City Hall keeping tabs on Inanam reserve
Published on: Wednesday, August 03, 2022
By: Sidney Skinner
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City Hall personnel found that this Inanam reserve had not been maintained in July.
City Hall is keeping an eye on an Inanam reserve in one part of Inanam to ensure that the government body, which owns the land, tends to it at regular intervals. 

This follows feedback, on and off, from those living nearby over the past two years about the nuisance posed by the overgrown grass and weeds inside the compound.

A spokesman for the agency’s Landscaping Department said the property had repeatedly been found to be unkempt.

“This has happened twice over the past six months, in March and July,” he said.

“Our officers made four separate inspections of the area over this period.”

He said reminder notices had twice been left at the site, with City Hall requesting that body clean up the reserve as soon as possible.

“Four days after the first one was put up in March, our staff observed a pair of grass-cutters maintaining the property.

“We wrote to the body, after the second one was issued. We advised the administration in this letter to consistently look after the reserve so that the nuisance did not recur.”

Grass-cutters were spotted dealing with the greenery inside in March.

The spokesman said such maintenance should preferably be performed on a monthly basis. 

RAMSEY of Inanam said the fenced-off land often looked like a mini jungle. 

“I suspect that reptiles may have made their habitat among the unkempt greenery inside,” he said.

“Some of my neighbours have seen snakes and rats moving across the road near this property.”

Others feared that unscrupulous parties could make use of the reserve to carry out misdeeds in the neighbourhood, according to him.

He claimed that several homes, near the reserve, had been targeted by burglars off late. 

Ramsey noticed that the overgrown “lalang” inside was more than knee-high in mid-July.

“I cannot understand how the landowner could have left the compound in such a mess.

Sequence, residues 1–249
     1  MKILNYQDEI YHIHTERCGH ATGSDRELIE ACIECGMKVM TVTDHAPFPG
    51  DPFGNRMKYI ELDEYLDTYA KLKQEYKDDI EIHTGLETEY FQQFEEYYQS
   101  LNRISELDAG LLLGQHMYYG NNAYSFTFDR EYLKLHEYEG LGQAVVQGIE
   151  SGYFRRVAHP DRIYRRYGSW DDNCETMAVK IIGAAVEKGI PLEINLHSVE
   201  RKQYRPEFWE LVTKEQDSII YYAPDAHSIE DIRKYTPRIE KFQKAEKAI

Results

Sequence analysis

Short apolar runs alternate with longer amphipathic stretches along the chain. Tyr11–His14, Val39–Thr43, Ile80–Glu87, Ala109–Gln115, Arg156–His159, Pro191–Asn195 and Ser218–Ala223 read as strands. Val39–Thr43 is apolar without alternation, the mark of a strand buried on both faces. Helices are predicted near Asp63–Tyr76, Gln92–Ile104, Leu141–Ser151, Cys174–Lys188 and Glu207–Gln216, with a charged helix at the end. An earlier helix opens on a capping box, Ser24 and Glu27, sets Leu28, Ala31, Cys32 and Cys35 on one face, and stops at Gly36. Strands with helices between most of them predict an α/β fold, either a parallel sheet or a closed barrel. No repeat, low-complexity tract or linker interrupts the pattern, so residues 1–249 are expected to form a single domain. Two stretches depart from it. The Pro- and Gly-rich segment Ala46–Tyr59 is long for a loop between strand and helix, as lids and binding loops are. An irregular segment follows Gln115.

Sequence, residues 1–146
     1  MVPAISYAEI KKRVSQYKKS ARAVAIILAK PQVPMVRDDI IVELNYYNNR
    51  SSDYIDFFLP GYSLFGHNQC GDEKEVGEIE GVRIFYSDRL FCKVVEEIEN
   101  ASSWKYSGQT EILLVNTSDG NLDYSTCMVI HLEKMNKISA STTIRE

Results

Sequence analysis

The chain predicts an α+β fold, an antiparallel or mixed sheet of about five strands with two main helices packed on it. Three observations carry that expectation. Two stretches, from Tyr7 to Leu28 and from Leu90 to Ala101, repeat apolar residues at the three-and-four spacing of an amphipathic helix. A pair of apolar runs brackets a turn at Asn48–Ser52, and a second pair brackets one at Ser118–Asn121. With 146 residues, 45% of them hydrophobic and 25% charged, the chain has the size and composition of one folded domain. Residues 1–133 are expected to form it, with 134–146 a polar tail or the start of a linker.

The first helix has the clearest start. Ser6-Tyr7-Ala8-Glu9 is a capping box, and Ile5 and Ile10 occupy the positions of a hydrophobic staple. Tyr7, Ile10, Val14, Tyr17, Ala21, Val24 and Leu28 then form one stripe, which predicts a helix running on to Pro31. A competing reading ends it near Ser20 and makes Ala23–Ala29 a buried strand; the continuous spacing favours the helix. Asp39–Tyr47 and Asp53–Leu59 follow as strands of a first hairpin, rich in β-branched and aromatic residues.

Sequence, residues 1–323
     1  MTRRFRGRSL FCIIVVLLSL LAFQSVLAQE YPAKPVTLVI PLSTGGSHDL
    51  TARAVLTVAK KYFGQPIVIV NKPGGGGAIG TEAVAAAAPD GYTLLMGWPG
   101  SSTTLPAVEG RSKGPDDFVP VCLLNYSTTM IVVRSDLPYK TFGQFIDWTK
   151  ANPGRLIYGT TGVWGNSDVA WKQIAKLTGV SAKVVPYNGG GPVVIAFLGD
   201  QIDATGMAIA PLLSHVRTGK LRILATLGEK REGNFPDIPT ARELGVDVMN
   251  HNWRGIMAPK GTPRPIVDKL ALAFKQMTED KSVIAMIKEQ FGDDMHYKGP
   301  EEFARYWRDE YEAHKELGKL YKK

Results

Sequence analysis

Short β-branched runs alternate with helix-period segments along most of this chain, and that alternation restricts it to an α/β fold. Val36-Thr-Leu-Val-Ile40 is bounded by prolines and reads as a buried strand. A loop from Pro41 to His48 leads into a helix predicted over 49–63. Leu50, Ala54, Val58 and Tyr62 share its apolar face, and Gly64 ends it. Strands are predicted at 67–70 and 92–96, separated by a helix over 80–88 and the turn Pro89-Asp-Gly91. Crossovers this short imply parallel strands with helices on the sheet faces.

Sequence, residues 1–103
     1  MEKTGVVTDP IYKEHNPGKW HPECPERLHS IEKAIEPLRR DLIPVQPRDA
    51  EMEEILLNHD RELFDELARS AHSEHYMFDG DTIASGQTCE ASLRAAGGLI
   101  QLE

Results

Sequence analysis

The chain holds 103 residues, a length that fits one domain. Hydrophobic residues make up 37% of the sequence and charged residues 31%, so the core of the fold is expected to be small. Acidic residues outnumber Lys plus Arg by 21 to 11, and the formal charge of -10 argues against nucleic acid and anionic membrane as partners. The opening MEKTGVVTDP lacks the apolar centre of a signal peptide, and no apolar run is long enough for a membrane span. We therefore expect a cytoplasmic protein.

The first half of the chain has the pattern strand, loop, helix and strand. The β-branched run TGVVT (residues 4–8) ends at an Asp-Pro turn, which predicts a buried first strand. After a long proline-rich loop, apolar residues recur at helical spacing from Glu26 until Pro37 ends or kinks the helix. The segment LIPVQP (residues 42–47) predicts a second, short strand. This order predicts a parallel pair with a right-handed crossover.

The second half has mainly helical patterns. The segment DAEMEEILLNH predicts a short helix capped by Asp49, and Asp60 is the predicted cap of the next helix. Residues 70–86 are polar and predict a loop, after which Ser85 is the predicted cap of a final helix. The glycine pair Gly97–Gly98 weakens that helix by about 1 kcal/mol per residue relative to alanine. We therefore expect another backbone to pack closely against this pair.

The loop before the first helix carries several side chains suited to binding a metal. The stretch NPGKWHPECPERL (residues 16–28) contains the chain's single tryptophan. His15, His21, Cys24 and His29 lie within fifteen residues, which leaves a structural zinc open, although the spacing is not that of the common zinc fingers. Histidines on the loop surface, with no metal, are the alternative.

“A stray spark from any electrical installations in the vicinity, or one carelessly discarded cigarette butt, is all it will take to set the property on fire.”

He said this blaze could spread quickly to the other houses in the area.

Ramsey decried the property-owner’s failure to tend to the land as endangering the wellbeing of the public there.

“I first made City Hall aware about the sorry state of the property in early 2020 and again a few more times in the years since.

“Once or twice the grass has been cut but, for the most part, the land has been left to go wild.”

The spokesman refuted the rate-payer’s suggestion that the agency had disregarded his concerns.

He said check of its records revealed that City Hall had liaised with the body’s staff about the poor state of its land on eight separate occasions between February 2020 and January.

“We were assured in six of these instances that its staff would either check on the property or arrange to have it maintained,” he said.

He said City Hall took a serious view to unkempt properties which had become a nuisance to its rate-payers.

“We are presently working with our Legal Department to begin court proceedings against 71 negligent landowners,” he said.

He said a final warning, signed by the Mayor, would be given to these rate-payers as part of this process.

“They will be notified that their ‘overgrown and unmaintained’ land was an eye sore and source of discomfort to the public in the area due to the presence of pests, including mosquitoes, which might be breeding on their property.

“A seven day grace-period will be given for these individuals to abate this nuisance. 

“If they fail to comply, then we will have no choice but to initiate legal action.”

If found guilty in court, landowners faced the possibility of having to settle a fine for as much as RM1,000, serve a jail term of up to six-months or both, according to the spokesman.

He said this action could be taken under Section 49(c) of the Local Government Ordinance.

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